What is the smallest number of integers needed, such that one is guaranteed to have a subset of three integers whose sum is divisible by three?

Since we are considering divisibility by 3, we need only consider the numbers modulo 3; thus, each integer is equivalent to 0, 1, or 2. Let us now consider the condition which we need for there to be no subset of three whose sum is divisible by three.

Note that if we have at least one of each type, then since 0+1+2=3, we have the desired subset. Thus, we must therefore have at most two of the types. Secondly, if we have three of the same type, then their sum is divisible by three. Thus, we must therefore have at most two of each of these types. This means a set of four integers is the largest that can lack the desired subset; considering the pigeonhole principle, the addition of a fifth integer will give us either three of one type, or one of each type, and thus the desired subset, so our answer is five.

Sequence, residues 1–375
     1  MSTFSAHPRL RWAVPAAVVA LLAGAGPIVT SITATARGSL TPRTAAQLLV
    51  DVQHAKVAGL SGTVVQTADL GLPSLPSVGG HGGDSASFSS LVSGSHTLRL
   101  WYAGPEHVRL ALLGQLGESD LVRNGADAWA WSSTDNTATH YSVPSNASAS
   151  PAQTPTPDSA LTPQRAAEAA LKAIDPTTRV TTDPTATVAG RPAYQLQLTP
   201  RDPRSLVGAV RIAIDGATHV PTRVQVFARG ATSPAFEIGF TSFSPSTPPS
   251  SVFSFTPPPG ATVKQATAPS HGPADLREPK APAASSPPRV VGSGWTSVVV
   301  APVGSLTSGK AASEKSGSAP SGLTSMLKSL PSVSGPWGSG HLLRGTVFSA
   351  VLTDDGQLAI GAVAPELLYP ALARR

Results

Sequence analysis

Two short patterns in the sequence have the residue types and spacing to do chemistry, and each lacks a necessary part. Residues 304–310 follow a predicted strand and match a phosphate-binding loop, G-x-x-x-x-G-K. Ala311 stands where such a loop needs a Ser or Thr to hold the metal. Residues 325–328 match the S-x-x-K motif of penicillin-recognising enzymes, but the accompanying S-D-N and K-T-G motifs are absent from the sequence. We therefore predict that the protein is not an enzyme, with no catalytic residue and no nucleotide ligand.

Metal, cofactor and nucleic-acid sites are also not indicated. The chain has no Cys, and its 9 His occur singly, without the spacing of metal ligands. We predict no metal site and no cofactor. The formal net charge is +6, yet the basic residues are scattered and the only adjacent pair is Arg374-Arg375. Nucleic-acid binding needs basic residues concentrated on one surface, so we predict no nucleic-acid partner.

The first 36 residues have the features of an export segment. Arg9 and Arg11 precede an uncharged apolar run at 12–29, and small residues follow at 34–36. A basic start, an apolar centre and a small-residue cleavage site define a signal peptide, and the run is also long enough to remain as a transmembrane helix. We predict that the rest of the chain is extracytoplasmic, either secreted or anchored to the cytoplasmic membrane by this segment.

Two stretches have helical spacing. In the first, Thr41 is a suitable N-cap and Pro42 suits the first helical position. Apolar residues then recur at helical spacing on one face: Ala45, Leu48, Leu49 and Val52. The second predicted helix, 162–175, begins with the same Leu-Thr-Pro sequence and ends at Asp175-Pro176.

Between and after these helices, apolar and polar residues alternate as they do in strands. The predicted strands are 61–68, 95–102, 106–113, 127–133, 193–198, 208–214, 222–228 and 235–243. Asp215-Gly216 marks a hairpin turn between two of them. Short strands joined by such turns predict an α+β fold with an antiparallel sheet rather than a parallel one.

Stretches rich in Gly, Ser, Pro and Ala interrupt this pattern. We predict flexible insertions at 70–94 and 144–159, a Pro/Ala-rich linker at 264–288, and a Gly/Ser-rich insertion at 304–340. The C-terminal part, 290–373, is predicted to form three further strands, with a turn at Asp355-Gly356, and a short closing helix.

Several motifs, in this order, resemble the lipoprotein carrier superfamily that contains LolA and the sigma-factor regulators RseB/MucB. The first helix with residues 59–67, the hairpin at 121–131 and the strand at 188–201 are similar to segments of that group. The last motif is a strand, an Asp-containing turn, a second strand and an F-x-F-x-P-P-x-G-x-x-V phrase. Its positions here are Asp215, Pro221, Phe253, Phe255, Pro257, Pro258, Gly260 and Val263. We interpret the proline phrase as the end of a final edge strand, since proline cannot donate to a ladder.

For the general problem of guaranteeing the existence of a subset of *n* integers whose sum is divisible by *n*, one needs a set of at least 2*n*-1 integers (here, 2(3)-1=5).

[Apologies for the delay on this post; there was an issue with the post scheduling which I failed to catch]

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Tags: Math, Modular Arithmetic, Monday Math, Pigeonhole Principle

This entry was posted on June 14, 2010 at 12:18 am and is filed under Math/Science. You can follow any responses to this entry through the RSS 2.0 feed.
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